The law also mandates the confidentiality of medical information and requires the implementation of appropriate administrative, technical, and physical safeguards to protect the privacy of a patient’s medical information and safeguard it from unauthorized access and viewing, use, or disclosure of medical information. The new law is layered on top of current HIPAA and existing state law.
Facilities covered by the new law must report any unlawful or unauthorized access, viewing, or use or disclosure of a patient’s medical information to CDPH and to the patient no later than five days after the unlawful or unauthorized access, use, or disclosure has been detected by the facility.
Penalties for Late Reporting
If a hospital fails to report a detected breach to CDPH or to the patient, CDPH may assess a penalty of $100 per day after the initial five-day period. It is not clear how this late fee will be calculated for late reporting of a breach of multiple patients’ records.
Limits on Penalties
The total combined penalty assessed by CDPH for breaches and for late reporting is $250,000 per reported event. “Reported event” covers all breaches included in any single report made by a facility to CDPH, regardless of the number of breach events contained in the report. When CDPH has completed its investigation of a privacy breach, it may refer violations to the Office of Health Information Integrity (OHII).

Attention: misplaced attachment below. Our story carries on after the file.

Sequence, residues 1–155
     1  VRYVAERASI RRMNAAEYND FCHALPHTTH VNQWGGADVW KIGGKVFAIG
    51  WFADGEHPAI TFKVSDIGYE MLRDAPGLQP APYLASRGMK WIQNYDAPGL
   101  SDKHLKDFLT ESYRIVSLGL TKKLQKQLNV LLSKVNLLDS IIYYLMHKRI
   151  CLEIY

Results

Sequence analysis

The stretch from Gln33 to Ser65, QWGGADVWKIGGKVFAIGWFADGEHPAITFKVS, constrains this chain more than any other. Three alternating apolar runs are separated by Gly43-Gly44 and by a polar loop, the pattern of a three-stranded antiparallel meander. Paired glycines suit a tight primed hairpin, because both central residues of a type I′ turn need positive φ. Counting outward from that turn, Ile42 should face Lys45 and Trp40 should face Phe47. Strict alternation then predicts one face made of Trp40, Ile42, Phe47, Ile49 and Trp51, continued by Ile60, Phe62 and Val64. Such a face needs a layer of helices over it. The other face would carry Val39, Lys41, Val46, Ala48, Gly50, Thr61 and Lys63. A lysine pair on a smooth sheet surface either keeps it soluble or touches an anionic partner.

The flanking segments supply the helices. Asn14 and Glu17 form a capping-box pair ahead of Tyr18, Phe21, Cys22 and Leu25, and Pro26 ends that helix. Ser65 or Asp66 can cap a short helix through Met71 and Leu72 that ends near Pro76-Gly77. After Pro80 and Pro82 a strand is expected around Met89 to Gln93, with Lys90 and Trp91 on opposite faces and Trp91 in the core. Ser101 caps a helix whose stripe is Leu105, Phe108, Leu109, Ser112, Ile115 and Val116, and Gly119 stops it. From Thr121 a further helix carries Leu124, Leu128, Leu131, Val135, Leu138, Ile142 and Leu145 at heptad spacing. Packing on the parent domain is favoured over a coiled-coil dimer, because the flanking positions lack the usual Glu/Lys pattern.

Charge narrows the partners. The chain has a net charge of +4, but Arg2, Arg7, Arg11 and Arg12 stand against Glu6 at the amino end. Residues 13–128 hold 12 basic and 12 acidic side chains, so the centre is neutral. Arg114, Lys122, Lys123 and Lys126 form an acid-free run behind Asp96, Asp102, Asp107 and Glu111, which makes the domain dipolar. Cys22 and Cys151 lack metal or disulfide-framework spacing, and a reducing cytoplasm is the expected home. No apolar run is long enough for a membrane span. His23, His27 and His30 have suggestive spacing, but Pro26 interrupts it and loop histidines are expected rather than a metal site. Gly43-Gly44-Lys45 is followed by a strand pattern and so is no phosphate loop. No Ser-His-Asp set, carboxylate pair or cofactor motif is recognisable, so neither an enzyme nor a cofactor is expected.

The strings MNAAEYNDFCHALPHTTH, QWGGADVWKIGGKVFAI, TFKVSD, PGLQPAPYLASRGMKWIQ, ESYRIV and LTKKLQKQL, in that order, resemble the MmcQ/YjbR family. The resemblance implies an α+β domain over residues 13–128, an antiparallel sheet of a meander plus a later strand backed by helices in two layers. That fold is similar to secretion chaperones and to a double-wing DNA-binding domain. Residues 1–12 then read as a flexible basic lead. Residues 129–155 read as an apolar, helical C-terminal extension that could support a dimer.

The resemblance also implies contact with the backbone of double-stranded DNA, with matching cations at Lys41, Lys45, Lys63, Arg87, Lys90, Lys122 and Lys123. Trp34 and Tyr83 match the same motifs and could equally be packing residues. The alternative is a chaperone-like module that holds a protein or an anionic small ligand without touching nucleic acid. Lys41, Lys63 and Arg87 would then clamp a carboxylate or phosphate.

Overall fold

AB 211, a companion measure to SB 541, authorizes OHII to enforce state medical privacy laws and to assess penalties against individuals for breaches of the Confidentiality of Medical Information Act. However, OHII is not authorized to investigate or fine those facilities subject to SB 541—only CDPH is authorized to investigate and fine those facilities.
OHII will investigate individuals (including physicians, nurses, and medical records clerks) upon receipt of a referral from CDPH. OHII may assess fines against such persons and may also recommend that the person’s licensing board (Medical Board of California or the Board of Registered Nursing), if any, investigate or discipline an individual. The licensing board must review any evidence it receives from OHII, but it has discretion regarding whether or not to discipline its licensee.
No News Is Good News
Since the start of the law on January 1, 2009, Rady has not experienced a single breach as defined by unauthorized access, use, and disclosure of PHI. The staff were congratulated for keeping patient information private and secure.